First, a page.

The UK’s new Bribery Act, which is expected to come into force later this year, will introduce tough new laws to replace the current mishmash of rules.

Covering a wide range of activities, across the UK and beyond, the new legislation is set to go further than its US equivalent by also addressing bribery in the private sector, such as bribes given by business partners on the company’s behalf.

With punishing corporate fines and life-altering personal sanctions, the impact of breaching the law can be severe.  The new regime aims to come at the offence from all angles, holding not just the individual who gives or receives the bribe responsible, but also senior officers who turn a blind eye to what is going on.

Bribery and corruption have long been part of business life and the food and drink sector is not immune to the temptation to gain a commercial or personal advantage through corrupt actions.  It is a practice Robert Watson, a buyer at Kraft Foods, found to his cost, as he was forced to pay his former employer $1.8 million in damages and sentenced to 27 months in prison for accepting bribes from a supplier.

To provide an incentive to implement appropriate anti-bribery and corruption compliance procedures, the new regime is set to offer as a carrot (to avoid the stick), the possibility of putting in place adequate procedures to prevent illegal practices.  With adequate systems in place, even if bribery does occur, the company may be off the hook.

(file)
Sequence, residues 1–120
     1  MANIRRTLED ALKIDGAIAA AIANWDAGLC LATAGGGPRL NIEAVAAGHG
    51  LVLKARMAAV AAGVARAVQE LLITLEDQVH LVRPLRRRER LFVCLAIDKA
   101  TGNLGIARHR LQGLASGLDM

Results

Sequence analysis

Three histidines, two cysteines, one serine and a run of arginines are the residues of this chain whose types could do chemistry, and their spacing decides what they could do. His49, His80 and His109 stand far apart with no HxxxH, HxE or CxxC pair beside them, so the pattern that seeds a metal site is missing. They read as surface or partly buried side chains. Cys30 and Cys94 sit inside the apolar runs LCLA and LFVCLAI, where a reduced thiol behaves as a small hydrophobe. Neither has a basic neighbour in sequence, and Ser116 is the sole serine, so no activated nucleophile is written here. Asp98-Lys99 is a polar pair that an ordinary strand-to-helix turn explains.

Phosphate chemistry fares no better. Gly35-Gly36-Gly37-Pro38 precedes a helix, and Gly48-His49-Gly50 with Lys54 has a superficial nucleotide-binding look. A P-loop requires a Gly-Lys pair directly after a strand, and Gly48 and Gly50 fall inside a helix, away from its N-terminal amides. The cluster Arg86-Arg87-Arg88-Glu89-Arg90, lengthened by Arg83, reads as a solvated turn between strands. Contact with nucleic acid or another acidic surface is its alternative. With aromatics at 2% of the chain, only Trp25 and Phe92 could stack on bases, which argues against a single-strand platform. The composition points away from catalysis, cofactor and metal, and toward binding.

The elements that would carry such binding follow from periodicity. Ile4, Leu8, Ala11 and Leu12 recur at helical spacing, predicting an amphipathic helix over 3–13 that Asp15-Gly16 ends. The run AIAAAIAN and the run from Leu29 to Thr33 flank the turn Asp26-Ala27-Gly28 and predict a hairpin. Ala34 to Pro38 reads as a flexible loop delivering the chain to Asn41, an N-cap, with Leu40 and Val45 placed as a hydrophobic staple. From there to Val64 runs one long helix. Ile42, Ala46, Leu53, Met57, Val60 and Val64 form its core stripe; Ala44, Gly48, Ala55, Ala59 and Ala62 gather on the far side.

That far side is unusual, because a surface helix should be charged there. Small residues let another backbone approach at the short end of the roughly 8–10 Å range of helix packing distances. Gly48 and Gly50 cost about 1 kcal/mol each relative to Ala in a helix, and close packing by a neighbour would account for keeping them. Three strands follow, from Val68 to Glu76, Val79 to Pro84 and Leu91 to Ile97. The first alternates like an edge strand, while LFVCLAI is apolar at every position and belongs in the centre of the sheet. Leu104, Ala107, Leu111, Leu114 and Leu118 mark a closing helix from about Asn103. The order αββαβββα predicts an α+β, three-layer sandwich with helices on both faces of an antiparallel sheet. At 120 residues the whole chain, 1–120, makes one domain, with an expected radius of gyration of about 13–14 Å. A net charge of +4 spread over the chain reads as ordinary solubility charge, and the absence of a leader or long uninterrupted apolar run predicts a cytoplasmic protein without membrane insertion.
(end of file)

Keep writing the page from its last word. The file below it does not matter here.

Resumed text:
While no compliance system can be entirely failsafe, a defence will be available where it can be demonstrated the company’s procedures were adequate, even though they failed to prevent the illegal practice occurring.

The Act is also expected to sound the death-knell of lavish corporate hospitality. Legitimate relationship building will of course continue but employees’ ethical antennae should alert them when this verges on excessive generosity, which could suggest improper influence.

The specific circumstances will determine where the line should be drawn. Taking a new customer to lunch to discuss how best to work together is likely to be fine, whereas the same lunch might raise concerns in the immediate run-up to a tender process.

Food and drink companies should be thinking now about how they would shape up if they had to show their procedures were adequate – but failed – to prevent bribery.  Have they carried out a risk assessment? What has been done to address the identified risk?  Are they comfortable that their business partners are compliant with the Act? Are staff clued up about what to look out for and when and with whom to raise the alarm?

There is no ‘one size fits all’ and companies should be preparing now to meet the challenges ahead.

Catriona Munro is a partner in the EU competition and regulatory team at Maclay Murray & Spens LLP and a member of the firm’s Food & Drink group.  [email protected]


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